Fungicide cover spray considerations for cherry leaf spot control
Editor’s note: This article is from the archives of the MSU Crop Advisory Team Alerts. Check the label of any pesticide referenced to ensure your use is included.
Cherry leaf spot is the most important fungal disease of tart cherry in Michigan. The leaf spot fungus Blumeriella jaapii infects leaves with symptoms first appearing on upper leaf surfaces as small purple spots. As spots accumulate on leaves, the leaves turn yellow and fall. The amount of lesions required causing leaf yellowing and drop is variable. Sweet cherries can tolerate quite a few lesions before leaf drop occurs, however, Montmorency tart cherries will drop with only a few lesions, signifying the importance of proper leaf spot management.
Conditions in Michigan during 2009 have been favorable for leaf spot spore discharge. Ascospore discharge is highest over a wide temperature range (60 to 85*F) and lowest at 41 to 46*F. The optimum conditions for lesion development are temperatures of 60-68*F with rainfall or fog. After lesions appear on upper leaf surfaces, examination of the underside of leaves reveals a proliferation of white spore masses. These spores are dispersed by rain and wind within trees and to adjacent trees; such secondary cycles can continue repeatedly under favorable conditions through autumn.
Preharvest defoliation can result in a crop that does not mature adequately to be marketable, plus cause serious tree damage. Even late summer (August, early September) defoliation reduces the ability of trees to store photosynthate in roots leading to an overall loss of vigor and leaving trees more susceptible to killing by winter injury. Early-defoliated trees also typically exhibit reduced flower bud formation and often set less fruit the following season.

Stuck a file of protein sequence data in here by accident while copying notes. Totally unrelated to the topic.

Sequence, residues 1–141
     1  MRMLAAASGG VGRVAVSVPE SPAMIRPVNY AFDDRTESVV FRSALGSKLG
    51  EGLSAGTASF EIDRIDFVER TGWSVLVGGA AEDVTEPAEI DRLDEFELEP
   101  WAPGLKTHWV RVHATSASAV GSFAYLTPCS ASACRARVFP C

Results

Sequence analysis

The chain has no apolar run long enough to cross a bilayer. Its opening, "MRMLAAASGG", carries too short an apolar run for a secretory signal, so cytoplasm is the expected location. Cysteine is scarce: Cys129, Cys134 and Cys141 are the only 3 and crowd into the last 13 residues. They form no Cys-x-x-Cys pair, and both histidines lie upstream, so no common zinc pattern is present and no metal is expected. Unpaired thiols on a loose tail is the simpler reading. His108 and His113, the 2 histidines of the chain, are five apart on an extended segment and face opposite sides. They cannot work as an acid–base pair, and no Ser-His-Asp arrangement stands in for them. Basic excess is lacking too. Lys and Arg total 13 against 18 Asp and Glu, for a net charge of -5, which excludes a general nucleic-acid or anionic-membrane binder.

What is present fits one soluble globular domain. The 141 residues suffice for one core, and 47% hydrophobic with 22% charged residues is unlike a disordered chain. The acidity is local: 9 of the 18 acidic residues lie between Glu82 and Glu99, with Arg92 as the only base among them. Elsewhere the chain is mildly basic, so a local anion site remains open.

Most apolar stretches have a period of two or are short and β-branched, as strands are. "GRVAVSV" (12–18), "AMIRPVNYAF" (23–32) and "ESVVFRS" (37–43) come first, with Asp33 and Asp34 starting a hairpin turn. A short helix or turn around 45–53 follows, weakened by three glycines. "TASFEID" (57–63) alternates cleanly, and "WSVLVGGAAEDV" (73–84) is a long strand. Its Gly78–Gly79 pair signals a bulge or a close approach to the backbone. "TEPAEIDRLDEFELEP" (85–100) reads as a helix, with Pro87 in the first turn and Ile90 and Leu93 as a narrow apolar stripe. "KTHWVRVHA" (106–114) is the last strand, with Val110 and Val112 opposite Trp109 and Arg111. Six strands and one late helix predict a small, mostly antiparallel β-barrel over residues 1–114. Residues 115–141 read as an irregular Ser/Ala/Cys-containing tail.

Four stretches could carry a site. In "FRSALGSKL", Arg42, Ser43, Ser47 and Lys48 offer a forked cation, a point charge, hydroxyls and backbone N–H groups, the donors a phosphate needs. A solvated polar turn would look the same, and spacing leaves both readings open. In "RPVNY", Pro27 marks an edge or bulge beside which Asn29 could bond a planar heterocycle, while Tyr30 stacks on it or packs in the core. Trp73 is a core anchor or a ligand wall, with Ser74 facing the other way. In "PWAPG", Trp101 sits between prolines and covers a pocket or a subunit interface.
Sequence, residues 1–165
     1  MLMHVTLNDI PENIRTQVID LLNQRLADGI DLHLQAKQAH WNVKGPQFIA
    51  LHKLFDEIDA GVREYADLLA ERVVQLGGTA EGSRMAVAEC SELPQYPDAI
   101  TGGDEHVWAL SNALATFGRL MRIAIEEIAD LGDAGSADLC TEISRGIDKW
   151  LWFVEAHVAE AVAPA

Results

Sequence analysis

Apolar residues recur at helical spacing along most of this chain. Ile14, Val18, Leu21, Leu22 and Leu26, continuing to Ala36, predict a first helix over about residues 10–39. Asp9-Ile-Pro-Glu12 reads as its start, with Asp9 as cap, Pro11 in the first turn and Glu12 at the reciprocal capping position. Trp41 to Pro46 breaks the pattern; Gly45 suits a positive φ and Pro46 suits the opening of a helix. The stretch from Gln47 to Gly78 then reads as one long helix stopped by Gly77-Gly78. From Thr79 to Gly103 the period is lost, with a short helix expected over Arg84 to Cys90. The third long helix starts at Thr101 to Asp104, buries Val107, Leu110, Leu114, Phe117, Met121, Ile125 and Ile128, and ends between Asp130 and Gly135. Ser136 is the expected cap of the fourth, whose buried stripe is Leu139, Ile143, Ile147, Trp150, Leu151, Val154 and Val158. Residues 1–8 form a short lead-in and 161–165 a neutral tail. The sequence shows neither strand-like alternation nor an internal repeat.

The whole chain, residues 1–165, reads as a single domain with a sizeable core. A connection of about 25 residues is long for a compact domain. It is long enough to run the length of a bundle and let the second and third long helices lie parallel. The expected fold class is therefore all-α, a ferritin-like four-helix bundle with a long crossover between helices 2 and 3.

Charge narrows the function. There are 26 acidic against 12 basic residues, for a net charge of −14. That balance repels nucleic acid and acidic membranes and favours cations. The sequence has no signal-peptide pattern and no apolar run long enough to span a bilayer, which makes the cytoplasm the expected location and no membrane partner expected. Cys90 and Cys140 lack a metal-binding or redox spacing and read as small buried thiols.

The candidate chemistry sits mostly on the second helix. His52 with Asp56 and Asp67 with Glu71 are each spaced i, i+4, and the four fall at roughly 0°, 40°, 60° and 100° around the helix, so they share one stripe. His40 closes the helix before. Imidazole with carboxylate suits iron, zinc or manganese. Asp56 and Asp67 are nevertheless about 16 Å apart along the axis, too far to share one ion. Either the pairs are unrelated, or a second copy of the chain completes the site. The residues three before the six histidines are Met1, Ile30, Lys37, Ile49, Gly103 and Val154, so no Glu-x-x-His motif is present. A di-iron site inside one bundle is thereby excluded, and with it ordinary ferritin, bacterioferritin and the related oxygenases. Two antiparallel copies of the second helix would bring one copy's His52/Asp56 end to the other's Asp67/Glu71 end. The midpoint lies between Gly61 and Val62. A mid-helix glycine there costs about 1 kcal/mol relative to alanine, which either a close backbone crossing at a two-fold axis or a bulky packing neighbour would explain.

There are five major classes of fungicides registered for leaf spot control that could be used as cover sprays (Table 1). Of the five classes listed only the SI’s represent a bad choice for management because resistance to SI fungicides in the cherry leaf spot fungus occurs universally throughout Michigan orchards. Thus, SI fungicides should never be used alone for leaf spot control. SI resistance is quantitative meaning that leaf spot populations exhibit a wide range of susceptibilities to these fungicides. However, use of SI’s will continually shift orchard populations such that they contain more and more highly resistant individuals. These shifts result in significant control failures, and we have observed such control failures in several orchards over the last few years.
After shuck split, the use of the strobilurin Gem (3.0 to 3.8 oz / A) or the strobilurin/boscalid Pristine (10.5 to 14.7 oz / A) at the first cover timing is an excellent choice because both of these materials are also excellent powdery mildew materials. Remember that both Gem and Pristine are excellent fungicides, but both are at risk long-term for the development of fungicide resistance. Growers need to think about long-term protection of these materials such that they remain effective over a significant number of years. Overuse of these fungicides now could compromise this effectiveness. We suggest that both Gem and Pristine are not used more than two times per season.